Original languageEnglish (US)
Pages (from-to)3468-3475
Number of pages8
JournalJournal of Clinical Oncology
Volume17
Issue number11
StatePublished - Nov 1999
Externally publishedYes

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Rhabdomyosarcoma
Radiotherapy
Drug Therapy
Survival
Embryonal Rhabdomyosarcoma
Sarcoma
Survival Rate
Pyridinolcarbamate
Alveolar Rhabdomyosarcoma
Dactinomycin
Vincristine
Adjuvant Chemotherapy
Doxorubicin
Cyclophosphamide
Cisplatin
Neoplasms
Histology

ASJC Scopus subject areas

  • Cancer Research
  • Oncology

Cite this

Wolden, S. L., Anderson, J. R., Crist, W. M., Breneman, J. C., Wharam, M. D., Wiener, E. S., ... Donaldson, S. S. (1999). Indications for radiotherapy and chemotherapy after complete resection in rhabdomyosarcoma: A report from the intergroup rhabdomyosarcoma studies I to III. Journal of Clinical Oncology, 17(11), 3468-3475.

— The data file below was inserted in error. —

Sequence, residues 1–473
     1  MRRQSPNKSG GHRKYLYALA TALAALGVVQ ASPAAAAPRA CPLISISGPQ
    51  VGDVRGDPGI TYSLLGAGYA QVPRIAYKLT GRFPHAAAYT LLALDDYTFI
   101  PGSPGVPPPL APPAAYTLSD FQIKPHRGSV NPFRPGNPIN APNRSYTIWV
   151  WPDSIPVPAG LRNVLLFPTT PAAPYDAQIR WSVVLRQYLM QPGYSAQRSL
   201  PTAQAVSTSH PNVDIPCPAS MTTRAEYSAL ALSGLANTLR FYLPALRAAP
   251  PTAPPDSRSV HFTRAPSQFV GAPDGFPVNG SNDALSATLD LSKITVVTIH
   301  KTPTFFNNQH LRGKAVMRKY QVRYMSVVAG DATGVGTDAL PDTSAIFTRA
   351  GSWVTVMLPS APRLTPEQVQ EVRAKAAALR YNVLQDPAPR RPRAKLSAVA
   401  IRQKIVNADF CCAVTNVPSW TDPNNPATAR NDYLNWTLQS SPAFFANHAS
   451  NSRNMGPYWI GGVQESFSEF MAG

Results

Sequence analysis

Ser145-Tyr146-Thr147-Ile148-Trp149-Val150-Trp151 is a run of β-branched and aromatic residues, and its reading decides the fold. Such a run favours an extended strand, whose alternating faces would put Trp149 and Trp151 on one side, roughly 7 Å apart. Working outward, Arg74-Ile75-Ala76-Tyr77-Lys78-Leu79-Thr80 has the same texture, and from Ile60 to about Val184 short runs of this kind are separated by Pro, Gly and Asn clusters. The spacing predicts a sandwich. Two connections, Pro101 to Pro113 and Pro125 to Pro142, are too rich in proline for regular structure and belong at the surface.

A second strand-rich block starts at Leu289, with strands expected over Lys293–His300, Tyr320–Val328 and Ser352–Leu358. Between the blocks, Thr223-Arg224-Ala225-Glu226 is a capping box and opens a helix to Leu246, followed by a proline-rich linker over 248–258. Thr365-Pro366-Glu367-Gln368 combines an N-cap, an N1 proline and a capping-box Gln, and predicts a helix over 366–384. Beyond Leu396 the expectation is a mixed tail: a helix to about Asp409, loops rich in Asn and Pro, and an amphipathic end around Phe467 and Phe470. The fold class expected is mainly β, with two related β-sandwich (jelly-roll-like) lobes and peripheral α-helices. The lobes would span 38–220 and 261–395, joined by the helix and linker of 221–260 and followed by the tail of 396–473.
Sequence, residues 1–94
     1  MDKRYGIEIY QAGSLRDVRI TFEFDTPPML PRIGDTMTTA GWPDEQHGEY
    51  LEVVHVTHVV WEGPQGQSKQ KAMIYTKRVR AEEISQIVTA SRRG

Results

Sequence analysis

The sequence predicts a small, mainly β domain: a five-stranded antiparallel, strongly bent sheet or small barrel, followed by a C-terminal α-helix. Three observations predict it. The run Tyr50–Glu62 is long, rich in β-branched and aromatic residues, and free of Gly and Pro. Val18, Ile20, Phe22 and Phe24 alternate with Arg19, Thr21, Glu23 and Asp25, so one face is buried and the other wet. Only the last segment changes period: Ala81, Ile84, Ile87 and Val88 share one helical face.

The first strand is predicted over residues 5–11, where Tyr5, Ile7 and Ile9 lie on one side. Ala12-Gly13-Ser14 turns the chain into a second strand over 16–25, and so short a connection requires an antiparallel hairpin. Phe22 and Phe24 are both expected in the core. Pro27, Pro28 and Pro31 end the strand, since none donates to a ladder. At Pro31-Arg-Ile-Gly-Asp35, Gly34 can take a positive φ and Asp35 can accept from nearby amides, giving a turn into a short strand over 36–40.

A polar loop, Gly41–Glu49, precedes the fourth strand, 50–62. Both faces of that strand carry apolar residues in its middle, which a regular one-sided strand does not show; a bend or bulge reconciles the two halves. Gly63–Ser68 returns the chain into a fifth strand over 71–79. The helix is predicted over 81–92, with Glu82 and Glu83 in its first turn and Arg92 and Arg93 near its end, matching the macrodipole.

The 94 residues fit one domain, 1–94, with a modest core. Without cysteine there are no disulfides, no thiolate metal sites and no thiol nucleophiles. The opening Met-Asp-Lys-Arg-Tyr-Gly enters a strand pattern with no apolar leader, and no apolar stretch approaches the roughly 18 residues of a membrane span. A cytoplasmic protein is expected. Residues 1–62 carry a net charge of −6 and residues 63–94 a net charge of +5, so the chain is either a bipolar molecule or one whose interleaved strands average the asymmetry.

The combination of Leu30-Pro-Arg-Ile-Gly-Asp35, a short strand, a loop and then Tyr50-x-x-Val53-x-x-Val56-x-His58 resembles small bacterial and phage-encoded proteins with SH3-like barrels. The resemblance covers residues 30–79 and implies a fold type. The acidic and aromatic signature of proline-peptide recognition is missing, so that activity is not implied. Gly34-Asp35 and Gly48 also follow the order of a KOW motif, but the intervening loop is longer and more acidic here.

Indications for radiotherapy and chemotherapy after complete resection in rhabdomyosarcoma : A report from the intergroup rhabdomyosarcoma studies I to III. / Wolden, Suzanne L.; Anderson, James R.; Crist, William M.; Breneman, John C.; Wharam, Moody D.; Wiener, Eugene S.; Qualman, Stephen J.; Donaldson, Sarah S.

In: Journal of Clinical Oncology, Vol. 17, No. 11, 11.1999, p. 3468-3475.

Research output: Contribution to journalArticle

Wolden, SL, Anderson, JR, Crist, WM, Breneman, JC, Wharam, MD, Wiener, ES, Qualman, SJ & Donaldson, SS 1999, 'Indications for radiotherapy and chemotherapy after complete resection in rhabdomyosarcoma: A report from the intergroup rhabdomyosarcoma studies I to III', Journal of Clinical Oncology, vol. 17, no. 11, pp. 3468-3475.